Genealogy[edit]

family tree of Zakarids
Khosrov
Avag-SargisKarim
Zakare I
SargisVahram
Zakare IINane
(Inana)
Dopi
(Shushan)
TamtaIvaneZakareSargis
ShahnshahTamtaAvagVahramTaki ad-Din
ArtashirZakare IIIAvag-SargisIvane IIZakarianAgbughaBeri
George
KhoshakAgbughaSargis II
DavidShahnshah IIVahramArtashirAgbughaZazaZakareVahramZakareIvane
ZakareShahnshah III

References[edit]

  1. ^ a b Toumanoff 2010, pp. 453–455.
  2. ^ Bournoutian, George A. (2003). A concise history of the Armenian people : (from ancient times to the present) (2. ed.). Costa Mesa, Calif.: Mazda Publishers. p. 108. ISBN 1568591411.
  3. ^ Sacred Precincts: The Religious Architecture of Non-Muslim Communities Across the Islamic World. BRILL. 2014. p. 465. ISBN 978-9004280229.
  4. ^ Stopka, Krzysztof; Bałuk-Ulewiczowa, Teresa (2017). Armenia Christiana: Armenian religious identity and the Churches of Constantinople and Rome (4th-15th century) (PDF) (First ed.). Kraków: Jagiellonian University Press. ISBN 978-83-233-4190-1. In 1256 a fifth Mongol ulus was created, with the ilkhan Hulagu, the Great Khan's brother, as its governor. His task was to develop the Mongol Empire in the Near East. The historical territories of Armenia became part of the Ilkhanate of Persia.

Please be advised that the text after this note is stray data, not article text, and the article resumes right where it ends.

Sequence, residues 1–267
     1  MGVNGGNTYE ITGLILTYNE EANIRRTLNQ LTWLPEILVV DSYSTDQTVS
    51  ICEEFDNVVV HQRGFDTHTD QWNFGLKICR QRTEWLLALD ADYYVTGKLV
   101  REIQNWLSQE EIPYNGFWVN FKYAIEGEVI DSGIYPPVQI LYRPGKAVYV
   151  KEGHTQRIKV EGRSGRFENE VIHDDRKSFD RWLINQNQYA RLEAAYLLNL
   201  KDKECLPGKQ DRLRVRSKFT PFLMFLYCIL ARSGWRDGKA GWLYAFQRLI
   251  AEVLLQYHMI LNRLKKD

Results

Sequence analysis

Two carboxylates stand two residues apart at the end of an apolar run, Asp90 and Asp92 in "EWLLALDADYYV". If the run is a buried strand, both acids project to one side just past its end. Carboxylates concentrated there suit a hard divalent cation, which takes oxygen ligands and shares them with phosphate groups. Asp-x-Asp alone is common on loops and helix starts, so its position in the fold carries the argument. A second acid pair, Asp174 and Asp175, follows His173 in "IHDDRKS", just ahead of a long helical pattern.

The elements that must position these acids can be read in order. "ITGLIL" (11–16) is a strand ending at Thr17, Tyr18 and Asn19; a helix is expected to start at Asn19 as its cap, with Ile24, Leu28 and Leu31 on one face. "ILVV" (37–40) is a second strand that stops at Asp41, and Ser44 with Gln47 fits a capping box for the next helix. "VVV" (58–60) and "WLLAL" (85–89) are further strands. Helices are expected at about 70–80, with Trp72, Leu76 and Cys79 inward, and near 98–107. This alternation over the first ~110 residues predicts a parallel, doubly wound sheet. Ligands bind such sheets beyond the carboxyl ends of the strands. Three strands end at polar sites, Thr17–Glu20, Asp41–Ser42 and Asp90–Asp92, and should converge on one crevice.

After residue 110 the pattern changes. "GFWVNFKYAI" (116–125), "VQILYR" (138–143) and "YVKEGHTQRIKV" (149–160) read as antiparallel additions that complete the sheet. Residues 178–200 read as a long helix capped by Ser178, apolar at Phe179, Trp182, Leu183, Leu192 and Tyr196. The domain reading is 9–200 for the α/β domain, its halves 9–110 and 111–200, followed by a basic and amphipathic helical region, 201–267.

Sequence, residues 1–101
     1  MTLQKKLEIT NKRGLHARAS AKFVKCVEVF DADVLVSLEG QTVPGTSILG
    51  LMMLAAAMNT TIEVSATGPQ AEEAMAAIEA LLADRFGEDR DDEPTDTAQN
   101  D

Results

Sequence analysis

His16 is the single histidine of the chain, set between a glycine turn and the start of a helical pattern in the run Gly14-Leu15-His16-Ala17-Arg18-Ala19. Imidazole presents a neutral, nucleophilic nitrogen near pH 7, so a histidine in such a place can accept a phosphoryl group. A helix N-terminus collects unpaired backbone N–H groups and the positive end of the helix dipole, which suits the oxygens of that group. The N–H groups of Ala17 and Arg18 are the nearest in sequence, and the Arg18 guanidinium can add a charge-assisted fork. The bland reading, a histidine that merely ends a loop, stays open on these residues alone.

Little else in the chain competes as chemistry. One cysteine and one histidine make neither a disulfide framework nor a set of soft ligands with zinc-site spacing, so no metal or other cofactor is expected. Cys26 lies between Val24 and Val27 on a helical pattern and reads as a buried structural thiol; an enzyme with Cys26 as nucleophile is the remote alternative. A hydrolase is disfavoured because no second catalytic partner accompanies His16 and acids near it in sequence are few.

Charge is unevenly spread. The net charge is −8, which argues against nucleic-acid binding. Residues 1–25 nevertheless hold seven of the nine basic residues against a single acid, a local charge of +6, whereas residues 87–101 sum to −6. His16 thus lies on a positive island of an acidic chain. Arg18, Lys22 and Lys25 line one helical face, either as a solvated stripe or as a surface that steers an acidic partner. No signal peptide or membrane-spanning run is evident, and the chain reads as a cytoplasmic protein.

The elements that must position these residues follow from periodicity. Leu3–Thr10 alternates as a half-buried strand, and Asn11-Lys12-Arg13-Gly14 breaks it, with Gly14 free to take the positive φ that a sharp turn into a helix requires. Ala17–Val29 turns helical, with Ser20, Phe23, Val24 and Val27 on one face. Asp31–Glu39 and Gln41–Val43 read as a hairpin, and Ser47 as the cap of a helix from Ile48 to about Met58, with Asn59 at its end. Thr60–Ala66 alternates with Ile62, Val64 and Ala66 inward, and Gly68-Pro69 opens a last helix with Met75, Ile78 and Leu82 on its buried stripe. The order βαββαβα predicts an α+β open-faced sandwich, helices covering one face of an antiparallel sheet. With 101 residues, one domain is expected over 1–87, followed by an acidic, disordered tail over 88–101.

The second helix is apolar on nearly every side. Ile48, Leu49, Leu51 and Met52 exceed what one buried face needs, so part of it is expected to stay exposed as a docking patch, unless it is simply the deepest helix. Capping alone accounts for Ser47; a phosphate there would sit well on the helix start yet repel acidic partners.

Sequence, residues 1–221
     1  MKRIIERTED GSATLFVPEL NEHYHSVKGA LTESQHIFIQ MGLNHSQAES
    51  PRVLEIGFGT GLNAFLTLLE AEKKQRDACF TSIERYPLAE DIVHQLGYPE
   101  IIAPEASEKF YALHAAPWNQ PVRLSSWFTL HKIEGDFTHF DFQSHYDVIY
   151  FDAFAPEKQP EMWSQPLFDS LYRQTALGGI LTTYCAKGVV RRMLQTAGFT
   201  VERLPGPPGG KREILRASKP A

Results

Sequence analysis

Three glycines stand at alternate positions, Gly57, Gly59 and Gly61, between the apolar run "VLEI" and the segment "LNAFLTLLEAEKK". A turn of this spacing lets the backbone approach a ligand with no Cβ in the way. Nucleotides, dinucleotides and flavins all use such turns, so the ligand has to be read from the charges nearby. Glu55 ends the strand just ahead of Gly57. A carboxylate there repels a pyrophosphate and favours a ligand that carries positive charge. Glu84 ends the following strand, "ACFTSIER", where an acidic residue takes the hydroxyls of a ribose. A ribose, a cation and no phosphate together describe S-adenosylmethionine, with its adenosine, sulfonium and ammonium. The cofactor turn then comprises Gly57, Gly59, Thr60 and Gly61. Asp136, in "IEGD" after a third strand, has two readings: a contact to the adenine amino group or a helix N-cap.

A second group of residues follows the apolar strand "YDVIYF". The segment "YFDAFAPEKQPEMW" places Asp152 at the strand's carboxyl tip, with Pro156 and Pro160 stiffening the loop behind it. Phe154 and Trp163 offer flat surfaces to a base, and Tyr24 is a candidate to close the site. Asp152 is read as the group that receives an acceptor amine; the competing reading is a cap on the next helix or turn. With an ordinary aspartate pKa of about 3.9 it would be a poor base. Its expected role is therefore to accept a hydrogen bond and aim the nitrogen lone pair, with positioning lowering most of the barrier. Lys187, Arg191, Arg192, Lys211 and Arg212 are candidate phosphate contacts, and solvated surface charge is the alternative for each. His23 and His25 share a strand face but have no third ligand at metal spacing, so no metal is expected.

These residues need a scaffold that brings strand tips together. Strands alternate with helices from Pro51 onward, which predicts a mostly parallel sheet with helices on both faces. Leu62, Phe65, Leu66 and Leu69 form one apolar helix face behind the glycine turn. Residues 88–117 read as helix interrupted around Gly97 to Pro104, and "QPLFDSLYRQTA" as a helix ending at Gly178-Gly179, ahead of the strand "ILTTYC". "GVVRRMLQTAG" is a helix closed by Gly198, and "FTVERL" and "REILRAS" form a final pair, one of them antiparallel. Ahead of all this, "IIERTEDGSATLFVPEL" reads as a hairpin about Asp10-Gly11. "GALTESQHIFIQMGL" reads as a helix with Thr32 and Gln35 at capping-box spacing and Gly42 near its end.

5. ^ Mathews, Thomas F .; Taylor, Alice (2001). THE ARMENIAN GOSPEL S OF GLADZOR THE LIFE OF CHRIST ILLUMINATED (PDF). The J. Paul Getty Museum Los Angeles. p. 22. ISBN 0892366265. The Armenian brothers Ivane and Zak'are served the Georgian Queen Tamar (reigned 1184-1213). Rising to the heights of the Georgian army and court, they achieved for themselves the status of a nakharar family, called the Zak'arians, in honor of Zak'are. Queen T'amar gave the Zak'arians control of almost all her Armenian territories, including the former Armenian capital Ani. The Zak'arians established their own vassals, comprising both surviving nakharars and new men — from among their own Armenian generals — raised to nakharar status, each with smaller territories as their own fiefs. Among the new nakharars was the Proshian clan, who were particularly important for the history of the Gladzor Gospels.
  6. ^ Armenian Soviet Encyclopedia, 3th[clarification needed] volume
  7. ^ Paul Adalian, Rouben (2010). Historical Dictionary of Armenia. p. 83.